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    @HashimAziz - Yep, that's how things work here. For its good and its bad. In the ideal world, you'd leave some commented feedback, suggesting how the question needs to be fixed and, if the OP has ignored the feedback after some reasonable amount of time, then and only then, would you vote to close or downvote. But, much of stackoverflow is more "hit and run" then that.
    – jfriend00
    Feb 23 at 23:41
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    @HashimAziz - Part of it is that there is no easy mechanism to leave feedback and then come back later to see if the feedback was ignored or incorporated. There's no "to do list" it automatically gets placed in that makes it easy to check back on it later. In fact, it's fairly manually to find it again and check on it again. It could be useful from a readers point of view to have a feature to vote to close if not modified in x hours. Obviously, not every modification would "fix" the question, but that would at least cover the questions that are not modified at all.
    – jfriend00
    Feb 23 at 23:42
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    @HashimAziz - I also think there's a rush to judgment on whether a question "could" be considered something to close rather than figuring out if there "is" a way to answer it even though it is flawed. Many close votes come on questions that could be perceived to align with a closable reason even though there are other ways to answer that would work for everyone. I run into that regularly. Yours was one of those.
    – jfriend00
    Feb 23 at 23:44
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    @HashimAziz - It's also a problem that it's virtually impossible for regular users to ever reopen something that has been closed. So, even if you come back later and fix your question after its been closed, it is almost never the case that enough people come back and vote to reopen to actually get it reopened. I vote to reopen all the time (as I did on yours) and it pretty much never gets enough reopen votes from others to succeed. I also don't get a notification if it does get reopened. So, once it's closed, its pretty much dead. I advise people to post their fix in a new question.
    – jfriend00
    Feb 23 at 23:46
  • @jfriend00 if you follow a post, you do get notifications about any change made to it, including editing, comments, reopen/reclose, etc - why do you not get notifications? Feb 24 at 0:30
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    @OlegValter - Didn't know about "Follow" or what it did. Have never used it. Will try it in the future.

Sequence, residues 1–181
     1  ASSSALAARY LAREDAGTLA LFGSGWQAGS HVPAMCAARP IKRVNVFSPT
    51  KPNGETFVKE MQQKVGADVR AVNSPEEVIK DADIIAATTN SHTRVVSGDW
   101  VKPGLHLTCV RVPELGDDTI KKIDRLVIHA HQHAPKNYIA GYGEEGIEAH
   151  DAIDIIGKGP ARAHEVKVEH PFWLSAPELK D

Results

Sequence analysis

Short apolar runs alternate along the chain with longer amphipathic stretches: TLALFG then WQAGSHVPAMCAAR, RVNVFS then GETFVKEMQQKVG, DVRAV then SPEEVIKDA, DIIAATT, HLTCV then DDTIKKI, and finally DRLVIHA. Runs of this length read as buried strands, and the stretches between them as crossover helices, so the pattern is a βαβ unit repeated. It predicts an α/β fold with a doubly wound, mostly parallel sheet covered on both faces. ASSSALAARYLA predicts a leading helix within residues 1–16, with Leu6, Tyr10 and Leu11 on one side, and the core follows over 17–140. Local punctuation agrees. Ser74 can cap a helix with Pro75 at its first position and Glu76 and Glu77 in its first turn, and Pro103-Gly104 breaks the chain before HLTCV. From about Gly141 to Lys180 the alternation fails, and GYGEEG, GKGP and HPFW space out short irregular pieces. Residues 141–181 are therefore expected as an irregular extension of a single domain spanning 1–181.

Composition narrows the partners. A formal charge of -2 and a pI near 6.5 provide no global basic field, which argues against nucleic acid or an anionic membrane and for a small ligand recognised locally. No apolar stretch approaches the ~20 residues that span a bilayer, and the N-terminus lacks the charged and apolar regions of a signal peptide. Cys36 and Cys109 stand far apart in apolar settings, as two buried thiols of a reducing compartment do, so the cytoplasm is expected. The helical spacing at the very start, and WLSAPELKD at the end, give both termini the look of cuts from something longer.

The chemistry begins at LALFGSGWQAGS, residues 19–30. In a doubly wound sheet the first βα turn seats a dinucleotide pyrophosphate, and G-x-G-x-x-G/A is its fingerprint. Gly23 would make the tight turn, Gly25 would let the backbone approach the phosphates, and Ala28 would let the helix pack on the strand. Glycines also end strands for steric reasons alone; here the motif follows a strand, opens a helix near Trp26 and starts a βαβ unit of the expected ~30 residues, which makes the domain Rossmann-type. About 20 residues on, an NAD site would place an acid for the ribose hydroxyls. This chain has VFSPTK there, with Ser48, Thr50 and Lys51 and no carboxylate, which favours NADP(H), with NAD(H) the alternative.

– jfriend00
    Feb 24 at 0:35
  • @jfriend00 figured as much :) it's not ideal, but it helps a ton for keeping an eye on posts. I ended up following everything I interact with in significant manner at a cost of having to read through a huge bunch of notifications every day (the biggest drawback of the feature - some grouping or a way to subscribe to only certain events would be great, but alas) Feb 24 at 0:39
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Personally I don't think the naked, context-free question itself is too broad - asking if an HTTPS POST is secure seems like a reasonable question to ask - but the explanation/justification of the answer could become broad.

Ultimately this is a question rooted in basic understanding of how secure sessions work, and who it's secure from, which underscores quite a lot of information to distill to you.

Worse, it may not even be the question you need answered. Asking if a session is secure is fundamentally different than asking if a client sending a request to a host is sending that request in an obscured fashion such that the client wouldn't be able to inspect it.

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  • Aren't PHP sessions a completely different technology to HTTP(S) requests? Feb 23 at 21:42
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    No, they aren’t. They are cookies, which are transferred using the same protocol than the rest of the request. Add “how do ‘sessions’ work” to the list of questions. There is part of the session that can be stored in the backend, inaccesible to the end user, though. That’s not necessarily the case. But that’s a different question and discussion.
    – yivi
    Feb 23 at 21:43